Announcing the Final Release of GWT 2.1

Posted by David Chandler - Thursday, October 28, 2010 at 11:25:00 AM

For several months now, we’ve been hard at work adding the features and functionality that was first demoed at this year’s Google I/O. The goal of this release has been to make it easy to build business oriented web apps that can take full advantage of the cloud --  zero deployment, instant scaling, cost savings, and portability that allows you to run your app in a variety of cloud environments, such as Google’s hosted service, App Engine, and VMware’s on-premise solution, vFabric. A few weeks ago we mentioned that we were close to wrapping up this project, and today we’re happy to announce the general availability of these tools.

Download the Google Plugin for Eclipse or SpringSource Tool Suite to get started now!

Developer Tools for Business Apps

Google Web Toolkit SDK

  • The GWT SDK makes it possible to build just about any application you can imagine. For the 2.1 release though, we aimed to provide a set of building blocks that will scale to support your entire user base, but at the same time are easy to piece together to get a web app up and running. We’ve wrapped these building blocks up in an application framework that offers the following:
    • Data bound views - An app that doesn’t allow end users to view or edit data isn’t terribly useful, now, is it? With GWT 2.1’s Data Editors, developers can create views that are generated from their app’s data model. These views are completely customizable, and handle all of the nasty work of syncing change sets between the client and server.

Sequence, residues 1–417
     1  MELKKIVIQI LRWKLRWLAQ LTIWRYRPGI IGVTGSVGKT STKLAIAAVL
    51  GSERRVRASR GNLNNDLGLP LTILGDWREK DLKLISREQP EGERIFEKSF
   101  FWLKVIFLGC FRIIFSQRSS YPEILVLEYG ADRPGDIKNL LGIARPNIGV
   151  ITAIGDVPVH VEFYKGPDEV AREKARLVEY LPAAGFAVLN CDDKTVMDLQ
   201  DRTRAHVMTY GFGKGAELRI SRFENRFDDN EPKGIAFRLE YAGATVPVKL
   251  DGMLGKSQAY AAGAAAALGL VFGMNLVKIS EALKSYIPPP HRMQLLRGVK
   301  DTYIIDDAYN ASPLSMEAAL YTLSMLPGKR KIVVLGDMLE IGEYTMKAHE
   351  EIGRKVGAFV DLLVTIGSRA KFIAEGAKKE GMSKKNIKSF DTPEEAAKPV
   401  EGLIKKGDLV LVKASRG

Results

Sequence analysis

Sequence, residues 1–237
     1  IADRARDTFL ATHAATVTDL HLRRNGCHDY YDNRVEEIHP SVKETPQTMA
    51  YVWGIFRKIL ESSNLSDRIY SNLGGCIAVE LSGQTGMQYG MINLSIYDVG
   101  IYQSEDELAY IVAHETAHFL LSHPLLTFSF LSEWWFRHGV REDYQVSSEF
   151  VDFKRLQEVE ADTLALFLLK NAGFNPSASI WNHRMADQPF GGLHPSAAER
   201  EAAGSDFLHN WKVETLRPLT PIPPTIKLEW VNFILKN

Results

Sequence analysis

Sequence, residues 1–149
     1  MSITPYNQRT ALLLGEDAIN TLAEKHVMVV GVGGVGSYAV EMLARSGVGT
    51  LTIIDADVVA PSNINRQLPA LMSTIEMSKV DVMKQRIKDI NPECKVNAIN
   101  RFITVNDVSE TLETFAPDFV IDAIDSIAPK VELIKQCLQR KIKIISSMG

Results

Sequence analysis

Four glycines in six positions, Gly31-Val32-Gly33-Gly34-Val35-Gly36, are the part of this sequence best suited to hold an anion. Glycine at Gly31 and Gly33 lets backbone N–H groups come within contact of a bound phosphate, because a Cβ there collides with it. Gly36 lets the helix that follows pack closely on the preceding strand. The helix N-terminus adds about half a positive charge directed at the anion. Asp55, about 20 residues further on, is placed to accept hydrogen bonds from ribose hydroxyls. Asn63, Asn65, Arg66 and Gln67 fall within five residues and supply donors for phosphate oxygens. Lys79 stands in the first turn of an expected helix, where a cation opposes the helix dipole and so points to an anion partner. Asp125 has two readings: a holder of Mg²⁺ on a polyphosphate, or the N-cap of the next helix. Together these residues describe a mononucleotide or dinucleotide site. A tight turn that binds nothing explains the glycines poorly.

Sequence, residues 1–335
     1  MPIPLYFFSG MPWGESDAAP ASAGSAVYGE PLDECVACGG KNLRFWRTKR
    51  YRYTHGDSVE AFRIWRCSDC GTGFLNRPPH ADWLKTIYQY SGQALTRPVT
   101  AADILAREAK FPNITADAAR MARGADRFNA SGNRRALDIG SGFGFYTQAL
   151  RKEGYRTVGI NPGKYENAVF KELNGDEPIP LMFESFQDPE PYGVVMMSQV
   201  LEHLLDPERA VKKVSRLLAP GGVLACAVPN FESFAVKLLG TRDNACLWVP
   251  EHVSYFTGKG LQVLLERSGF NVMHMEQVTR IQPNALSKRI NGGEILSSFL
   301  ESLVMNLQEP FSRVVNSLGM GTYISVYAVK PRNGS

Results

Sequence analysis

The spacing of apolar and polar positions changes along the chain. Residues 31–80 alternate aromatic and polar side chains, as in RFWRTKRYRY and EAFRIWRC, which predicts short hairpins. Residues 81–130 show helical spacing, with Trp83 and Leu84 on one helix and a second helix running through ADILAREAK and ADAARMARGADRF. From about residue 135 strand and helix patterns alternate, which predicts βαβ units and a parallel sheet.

• Highly optimized communication layer - One of the key ways to improve both developer and application efficiency is to get Remote Procedure Calls (RPCs) right. The new communication layer, RequestFactory, does just this. We’ve worked to minimize the payloads being sent between client and server in order to make RPCs as fast as possible, while adding new code generators that build this communication layer based on your app’s data model and the backend services it exposes. For many apps, the developer simply needs to provide server-side find and persist methods in order to get things rolling.
    • MVP support - For a while now, GWT developers have been using and advocating the MVP design pattern, and the Activities and Place support within GWT 2.1 are a set of components that formalize this pattern and the associated best practices, enabling efficient app navigation, history management, and view creation.
  • Cell widgets - A new set of widgets that are optimized for displaying data sets that contain millions of rows. They achieve this efficiency by having one container widget that is responsible for creating views based on chunks of HTML, and delegating events to these children rather than relying on a large number of heavy weight widgets.